4

... he understood that he needed to grapple with Turgenev and Tolstoy to come into his own and fashion art for the ages. (Source)

This is in the plural here. But I think it should be singular because Hemingway was trying to make art for his age. "For the ages" refers to the now and the future, like "now Mandela belongs to the ages(history)".

  • 1
    Imho, I think the ages here is correct. If I were a writer, I would want my works to last through the ages. – Damkerng T. Dec 26 '13 at 16:13
3

It could be used as a plural noun, referring that he needed to fashion art to last for ages.

If it's used as a singular noun, it would mean he needed to fashion art for the age, referring to his era.

I feel that "ages" isn't wrong, as they might mean that he wanted to make art that last a lot time, compared to making art only for his age. Like the comment on the original question, if I were a writing, I'd want my works to last through ages, rather than only for this era we're in.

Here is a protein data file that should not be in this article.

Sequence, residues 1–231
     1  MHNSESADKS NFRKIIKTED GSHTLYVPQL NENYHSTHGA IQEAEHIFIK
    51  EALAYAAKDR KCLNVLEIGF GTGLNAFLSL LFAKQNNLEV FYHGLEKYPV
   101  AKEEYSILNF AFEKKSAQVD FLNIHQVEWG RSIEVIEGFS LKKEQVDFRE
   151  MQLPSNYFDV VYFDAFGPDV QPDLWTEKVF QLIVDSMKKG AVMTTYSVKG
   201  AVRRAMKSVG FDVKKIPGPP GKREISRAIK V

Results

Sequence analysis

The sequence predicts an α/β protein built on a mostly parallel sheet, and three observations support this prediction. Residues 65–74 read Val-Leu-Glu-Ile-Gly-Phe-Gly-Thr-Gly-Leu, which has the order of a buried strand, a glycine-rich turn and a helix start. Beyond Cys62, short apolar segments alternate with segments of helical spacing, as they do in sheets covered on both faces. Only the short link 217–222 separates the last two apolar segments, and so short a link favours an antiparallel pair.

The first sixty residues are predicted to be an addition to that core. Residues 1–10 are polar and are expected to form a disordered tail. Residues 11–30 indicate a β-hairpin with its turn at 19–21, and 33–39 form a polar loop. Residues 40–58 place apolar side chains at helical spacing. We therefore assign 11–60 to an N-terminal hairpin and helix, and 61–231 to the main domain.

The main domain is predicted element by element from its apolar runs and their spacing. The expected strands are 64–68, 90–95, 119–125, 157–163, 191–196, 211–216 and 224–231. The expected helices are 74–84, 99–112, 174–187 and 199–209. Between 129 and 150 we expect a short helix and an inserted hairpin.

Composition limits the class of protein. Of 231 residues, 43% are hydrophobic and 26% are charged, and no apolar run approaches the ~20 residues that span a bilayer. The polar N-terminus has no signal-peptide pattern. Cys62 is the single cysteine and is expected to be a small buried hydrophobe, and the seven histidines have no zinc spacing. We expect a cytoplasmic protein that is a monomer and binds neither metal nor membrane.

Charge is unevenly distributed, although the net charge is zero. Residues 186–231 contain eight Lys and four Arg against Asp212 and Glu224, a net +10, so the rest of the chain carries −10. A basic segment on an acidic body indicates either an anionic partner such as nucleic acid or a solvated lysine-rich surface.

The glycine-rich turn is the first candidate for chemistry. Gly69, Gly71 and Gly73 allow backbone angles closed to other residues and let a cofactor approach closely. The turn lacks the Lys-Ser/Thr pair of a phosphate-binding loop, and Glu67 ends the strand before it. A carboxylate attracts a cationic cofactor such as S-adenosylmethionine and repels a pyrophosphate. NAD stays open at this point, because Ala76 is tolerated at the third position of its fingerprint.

|improve this answer|||||
4

“For the ages” is an idiom meaning something that will last across many ages, something that will be remembered for a long time. Here, ages are historical periods, like in the expression Middle Ages. A quasi-synonym in this sense is era.

In this sentence, “fashion art for the ages” means making artwork that will still be relevant and appreciated in many centuries. Given the mention of Turgenev and Tolstoy, I presume that the person is a writer who is exhorted to learn from the masters but not copy them and instead produce original writings so that he will be remembered as an important writer.

|improve this answer|||||

Your Answer

By clicking “Post Your Answer”, you agree to our terms of service, privacy policy and cookie policy